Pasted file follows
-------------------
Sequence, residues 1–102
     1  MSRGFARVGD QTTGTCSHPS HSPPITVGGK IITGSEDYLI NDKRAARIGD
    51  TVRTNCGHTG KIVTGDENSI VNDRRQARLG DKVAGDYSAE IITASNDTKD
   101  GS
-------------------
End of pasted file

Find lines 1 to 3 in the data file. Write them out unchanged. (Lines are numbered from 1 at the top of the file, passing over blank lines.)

Sequence, residues 1–102
     1  MSRGFARVGD QTTGTCSHPS HSPPITVGGK IITGSEDYLI NDKRAARIGD
    51  TVRTNCGHTG KIVTGDENSI VNDRRQARLG DKVAGDYSAE IITASNDTKD